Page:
Here is the interesting thing about hunger: we see the hunger of the body and the hunger of the heart in completely different ways. Every day, we wake up to hunger. Our bodies want food. They need nourishment, and no one is surprised by that. We address the problem with something called “breakfast.” As we eat, no one expects that satiation to last long. We know we will be hungry again in a few hours. After breakfast, we have a remedy called “lunch.” Then, we prepare our minds for the next bout. We have a plan in place called “dinner.” If we are hungry in between, we reach for “snacks.”

We treat our hunger all day long, and the next day there is hunger again. Hunger is the body saying, “I want nourishment. Now.” Hunger is a good signal that lets us know our bodies need to be refreshed in order to keep functioning in top condition. Hunger is the default until we do something about it. Hunger doesn’t mean something is wrong with our bodies; it means something is right. Everything is operating as designed. Hunger is healthy.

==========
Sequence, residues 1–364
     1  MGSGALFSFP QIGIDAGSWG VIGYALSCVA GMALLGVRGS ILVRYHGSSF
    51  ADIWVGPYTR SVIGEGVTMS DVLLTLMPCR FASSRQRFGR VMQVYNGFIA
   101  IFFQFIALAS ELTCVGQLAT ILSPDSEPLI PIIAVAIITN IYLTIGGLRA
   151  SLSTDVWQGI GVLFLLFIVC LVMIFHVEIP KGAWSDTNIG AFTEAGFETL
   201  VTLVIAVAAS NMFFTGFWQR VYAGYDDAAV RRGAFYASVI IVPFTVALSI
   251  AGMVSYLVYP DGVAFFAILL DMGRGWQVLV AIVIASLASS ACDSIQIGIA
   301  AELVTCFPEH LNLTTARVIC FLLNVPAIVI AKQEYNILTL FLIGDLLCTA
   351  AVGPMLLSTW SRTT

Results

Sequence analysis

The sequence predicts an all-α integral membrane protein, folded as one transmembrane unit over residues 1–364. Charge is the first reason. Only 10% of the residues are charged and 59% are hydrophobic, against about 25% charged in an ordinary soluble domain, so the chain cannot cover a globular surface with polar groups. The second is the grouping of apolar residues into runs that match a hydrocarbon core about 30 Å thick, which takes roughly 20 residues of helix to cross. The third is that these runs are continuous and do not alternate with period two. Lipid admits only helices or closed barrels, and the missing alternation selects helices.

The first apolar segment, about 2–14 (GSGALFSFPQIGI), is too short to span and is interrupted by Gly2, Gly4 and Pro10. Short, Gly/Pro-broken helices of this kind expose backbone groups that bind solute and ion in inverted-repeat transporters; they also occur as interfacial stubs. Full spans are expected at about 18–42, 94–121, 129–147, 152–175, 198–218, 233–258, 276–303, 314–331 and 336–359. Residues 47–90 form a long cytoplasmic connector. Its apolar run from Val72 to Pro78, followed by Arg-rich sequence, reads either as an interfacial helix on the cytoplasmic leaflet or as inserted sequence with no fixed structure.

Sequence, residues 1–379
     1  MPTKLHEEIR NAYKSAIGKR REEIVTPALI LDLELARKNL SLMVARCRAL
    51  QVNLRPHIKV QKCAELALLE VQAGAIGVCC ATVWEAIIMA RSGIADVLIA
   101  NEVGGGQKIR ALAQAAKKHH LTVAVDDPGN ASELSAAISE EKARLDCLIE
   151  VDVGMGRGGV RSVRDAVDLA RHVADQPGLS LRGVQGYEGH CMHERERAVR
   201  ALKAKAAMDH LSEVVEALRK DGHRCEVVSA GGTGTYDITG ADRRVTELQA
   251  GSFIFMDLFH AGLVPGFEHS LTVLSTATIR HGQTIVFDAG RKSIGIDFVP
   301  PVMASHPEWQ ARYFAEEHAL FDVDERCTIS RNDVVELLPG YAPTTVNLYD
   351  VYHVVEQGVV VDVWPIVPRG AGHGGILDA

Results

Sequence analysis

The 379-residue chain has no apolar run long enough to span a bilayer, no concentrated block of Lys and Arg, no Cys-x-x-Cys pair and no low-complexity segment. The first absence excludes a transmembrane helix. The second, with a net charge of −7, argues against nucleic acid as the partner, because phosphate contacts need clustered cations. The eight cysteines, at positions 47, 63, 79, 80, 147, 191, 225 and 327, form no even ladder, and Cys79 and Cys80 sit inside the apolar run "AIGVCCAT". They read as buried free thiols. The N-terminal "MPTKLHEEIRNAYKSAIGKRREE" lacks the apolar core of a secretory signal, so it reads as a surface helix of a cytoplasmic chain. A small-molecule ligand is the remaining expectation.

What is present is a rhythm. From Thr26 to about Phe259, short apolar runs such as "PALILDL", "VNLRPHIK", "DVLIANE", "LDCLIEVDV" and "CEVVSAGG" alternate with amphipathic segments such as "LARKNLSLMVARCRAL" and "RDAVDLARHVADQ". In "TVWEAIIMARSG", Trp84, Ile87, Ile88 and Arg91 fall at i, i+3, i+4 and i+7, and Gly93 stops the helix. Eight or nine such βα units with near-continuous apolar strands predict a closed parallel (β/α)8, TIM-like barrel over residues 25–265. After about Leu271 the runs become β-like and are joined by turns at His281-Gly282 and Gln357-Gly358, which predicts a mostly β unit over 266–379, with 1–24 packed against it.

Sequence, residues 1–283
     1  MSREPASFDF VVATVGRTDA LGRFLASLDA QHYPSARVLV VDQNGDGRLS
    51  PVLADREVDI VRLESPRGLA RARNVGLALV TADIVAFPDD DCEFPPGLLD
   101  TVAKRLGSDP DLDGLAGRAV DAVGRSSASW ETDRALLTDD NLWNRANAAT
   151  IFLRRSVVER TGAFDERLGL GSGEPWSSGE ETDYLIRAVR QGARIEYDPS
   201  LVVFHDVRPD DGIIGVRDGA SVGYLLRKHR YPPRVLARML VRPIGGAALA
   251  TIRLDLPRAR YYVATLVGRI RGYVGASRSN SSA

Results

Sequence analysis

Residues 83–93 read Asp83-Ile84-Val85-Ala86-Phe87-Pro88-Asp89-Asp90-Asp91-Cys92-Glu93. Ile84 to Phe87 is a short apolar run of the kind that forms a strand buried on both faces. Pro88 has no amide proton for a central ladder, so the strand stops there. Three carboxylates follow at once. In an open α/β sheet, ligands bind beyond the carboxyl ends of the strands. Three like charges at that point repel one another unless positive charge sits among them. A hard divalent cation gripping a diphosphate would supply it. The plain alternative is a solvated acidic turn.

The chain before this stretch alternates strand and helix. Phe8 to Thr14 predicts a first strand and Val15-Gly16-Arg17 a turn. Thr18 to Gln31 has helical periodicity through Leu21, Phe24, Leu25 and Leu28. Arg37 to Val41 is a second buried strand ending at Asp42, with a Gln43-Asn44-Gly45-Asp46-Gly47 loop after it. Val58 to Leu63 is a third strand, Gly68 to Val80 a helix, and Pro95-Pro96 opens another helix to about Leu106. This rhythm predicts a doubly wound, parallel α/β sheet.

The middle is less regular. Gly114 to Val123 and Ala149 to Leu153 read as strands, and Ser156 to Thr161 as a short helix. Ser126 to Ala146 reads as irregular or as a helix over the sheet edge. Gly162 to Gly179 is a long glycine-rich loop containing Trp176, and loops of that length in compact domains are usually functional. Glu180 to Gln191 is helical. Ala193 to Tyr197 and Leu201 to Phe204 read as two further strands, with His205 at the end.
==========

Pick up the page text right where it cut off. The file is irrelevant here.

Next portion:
Contrast the hunger of the body to the hunger of the heart. Ache is the hunger of the heart. Sometimes we wake up to it. It chases us in the middle of the day. It finds us again by nightfall. Ache is the heart saying, “I want nourishment. Now.” Ache is a good signal that lets us know our hearts need to be refreshed in order to keep functioning in top condition. Ache is the default until we do something about it. Ache doesn’t mean something is wrong with our hearts; it means something is right. Everything is operating as designed. Ache is healthy.

But we keep thinking we can treat our heart-hungry ache just once, and it will go away forever. Then grief comes back to visit. Depression and loneliness crawl into our pockets and demand to be taken along on our walk. We feel like a failure when our hearts are hungry again, and we begin to worry about ourselves. We add a pile of fear onto the weight of the ache, and try to carry all of it. We had expected to pray and be done. What, oh what, is wrong with us.